Climbing Needs. Gargoyle geckos are mostly arboreal, meaning they like to climb in bushes and trees. Keep plenty of real or imitation foliage and branches in their enclosure for them to climb, jump, and hide.

Lighting. Gargoyle geckos are nocturnal, meaning they are most active at night. (BGSU) Most gargoyle geckos won’t need any special lighting in their tanks, but they do need moderate time under UVB rays to keep them healthy. They can get the UVB rays they need from red or blue UVB bulbs, or directly from the sun, if their enclosure is near a window.

Gargoyle geckos are omnivores, and they like to eat a wide variety of fruit and insects.

Pet gargoyle geckos can be fed specially-made gecko formulas mixed with water or fruit-flavored baby food. Avoid giving your gecko citrus fruit-flavored baby foods. Banana, apple, peach, and pear flavors are all safe options for your gecko.

Don't forget to give your gecko live insects like flies, mealworms, wax worms, and crickets or locusts. Before giving insects to your gecko, dust them with a calcium powder to keep your pet healthy.

A good feeding schedule for your gecko would include offering them mixes 2-3 times a week and insects once a week. Don’t leave formula mixes in your gecko’s tank for more than one or two days or they can go bad. Remove any uneaten insects after a few hours.

Gargoyle geckos live relatively long lives. They reach maturity when they are between 12 and 18 months. After maturity, females will lay 2 eggs every 4-6 weeks for about 6 years.

With proper care and nutrition, pet gargoyle geckos live an average of about 15 years.

If you have a pet gargoyle gecko or are thinking about getting one, here are a few tips to help your animal have a happy, healthy life:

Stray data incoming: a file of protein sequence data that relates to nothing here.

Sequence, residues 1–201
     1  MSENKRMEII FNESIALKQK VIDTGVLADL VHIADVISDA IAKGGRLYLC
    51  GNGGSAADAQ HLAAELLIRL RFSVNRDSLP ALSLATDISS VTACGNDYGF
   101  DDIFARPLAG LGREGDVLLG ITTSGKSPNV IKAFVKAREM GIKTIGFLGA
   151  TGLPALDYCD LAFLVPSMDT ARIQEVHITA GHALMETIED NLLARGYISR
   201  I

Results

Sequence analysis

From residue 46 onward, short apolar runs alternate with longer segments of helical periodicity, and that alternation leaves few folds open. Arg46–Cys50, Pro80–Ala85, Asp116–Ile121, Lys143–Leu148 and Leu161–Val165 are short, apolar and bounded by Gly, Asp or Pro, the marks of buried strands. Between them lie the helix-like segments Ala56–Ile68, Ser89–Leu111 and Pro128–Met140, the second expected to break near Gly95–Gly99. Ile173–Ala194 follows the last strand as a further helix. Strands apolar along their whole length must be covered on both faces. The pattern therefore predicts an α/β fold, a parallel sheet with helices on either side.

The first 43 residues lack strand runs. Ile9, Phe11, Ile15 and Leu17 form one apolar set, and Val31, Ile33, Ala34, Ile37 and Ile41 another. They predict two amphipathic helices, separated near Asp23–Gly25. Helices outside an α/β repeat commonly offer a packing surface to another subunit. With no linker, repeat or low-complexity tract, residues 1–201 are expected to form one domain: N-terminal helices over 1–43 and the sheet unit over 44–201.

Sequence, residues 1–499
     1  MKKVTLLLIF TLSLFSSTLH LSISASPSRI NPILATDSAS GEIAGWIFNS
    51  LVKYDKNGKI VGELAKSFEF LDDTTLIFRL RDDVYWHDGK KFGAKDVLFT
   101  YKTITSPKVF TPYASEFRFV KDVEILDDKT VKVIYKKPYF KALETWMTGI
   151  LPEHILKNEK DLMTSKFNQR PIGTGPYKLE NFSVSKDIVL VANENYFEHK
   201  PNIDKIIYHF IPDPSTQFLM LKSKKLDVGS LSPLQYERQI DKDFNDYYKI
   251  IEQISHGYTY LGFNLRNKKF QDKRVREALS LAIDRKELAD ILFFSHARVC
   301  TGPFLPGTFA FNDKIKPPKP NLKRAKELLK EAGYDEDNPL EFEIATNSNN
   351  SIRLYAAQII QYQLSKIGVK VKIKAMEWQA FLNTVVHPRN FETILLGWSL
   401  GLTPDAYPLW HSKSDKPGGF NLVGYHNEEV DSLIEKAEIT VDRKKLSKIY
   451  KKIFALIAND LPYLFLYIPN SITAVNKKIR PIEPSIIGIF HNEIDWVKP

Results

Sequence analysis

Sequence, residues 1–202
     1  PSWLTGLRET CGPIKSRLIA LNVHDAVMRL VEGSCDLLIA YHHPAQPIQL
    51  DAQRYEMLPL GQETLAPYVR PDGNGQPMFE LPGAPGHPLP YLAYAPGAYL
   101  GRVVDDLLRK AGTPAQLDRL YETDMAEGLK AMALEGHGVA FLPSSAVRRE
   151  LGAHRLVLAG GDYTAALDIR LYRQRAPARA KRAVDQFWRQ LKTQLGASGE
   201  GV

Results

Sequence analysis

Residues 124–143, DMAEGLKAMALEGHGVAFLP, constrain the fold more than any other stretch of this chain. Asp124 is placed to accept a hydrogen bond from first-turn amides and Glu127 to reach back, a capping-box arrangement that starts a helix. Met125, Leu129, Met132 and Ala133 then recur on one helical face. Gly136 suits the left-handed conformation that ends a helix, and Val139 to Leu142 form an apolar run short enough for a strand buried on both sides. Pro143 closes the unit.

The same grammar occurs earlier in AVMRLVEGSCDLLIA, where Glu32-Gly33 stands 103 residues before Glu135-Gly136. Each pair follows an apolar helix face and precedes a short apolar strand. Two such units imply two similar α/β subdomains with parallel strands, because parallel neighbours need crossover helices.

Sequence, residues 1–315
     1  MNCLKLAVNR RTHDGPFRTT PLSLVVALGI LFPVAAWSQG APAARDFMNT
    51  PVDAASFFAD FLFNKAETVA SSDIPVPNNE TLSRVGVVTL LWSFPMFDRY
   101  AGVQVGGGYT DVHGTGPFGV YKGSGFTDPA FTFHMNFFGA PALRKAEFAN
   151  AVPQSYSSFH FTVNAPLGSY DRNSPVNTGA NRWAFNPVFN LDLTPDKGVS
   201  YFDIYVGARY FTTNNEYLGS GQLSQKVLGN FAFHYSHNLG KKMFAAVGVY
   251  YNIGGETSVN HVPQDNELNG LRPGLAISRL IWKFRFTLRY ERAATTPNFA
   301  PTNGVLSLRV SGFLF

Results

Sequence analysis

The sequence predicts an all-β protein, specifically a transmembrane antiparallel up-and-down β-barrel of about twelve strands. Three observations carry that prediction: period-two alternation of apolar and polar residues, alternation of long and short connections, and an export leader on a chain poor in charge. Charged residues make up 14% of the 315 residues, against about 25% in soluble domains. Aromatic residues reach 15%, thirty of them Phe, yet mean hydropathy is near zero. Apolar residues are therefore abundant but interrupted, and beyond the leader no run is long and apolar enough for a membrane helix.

• Keep your gecko’s enclosure clean and regularly disinfect water and food bowls to prevent salmonella and other harmful bacterial growth.
  • Plastic water bottle lids can make good food bowls for gecko formulas.
  • Make sure the enclosure has good ventilation to help maintain air quality.
  • When your gargoyle gecko is shedding, increase the humidity and add moss boxes to help their old skin come off more easily. 
  • If you have a larger gecko enclosure, include hiding places for your gargoyle gecko to feel safe and secure.
  • Be careful not to use prickly plants or branches with sharp twigs in your gargoyle gecko’s enclosure.
  • Gargoyle geckos can lose their tails if they are stressed or frightened. They can regrow a missing tail, but the new tail will never be the same as the original. 
  • Gargoyle geckos often use their tails like an extra foot to help them climb through foliage.
  • Geckos are famous for their ability to stick to almost any surface. The bottoms of their feet are covered in thousands of setae, which look like tiny hairs. The ends of the setae are further divided into spatulae, which look like spatulas. Molecules in the spatulae temporarily stick to molecules in tree bark, walls, glass, or other surfaces to help geckos climb.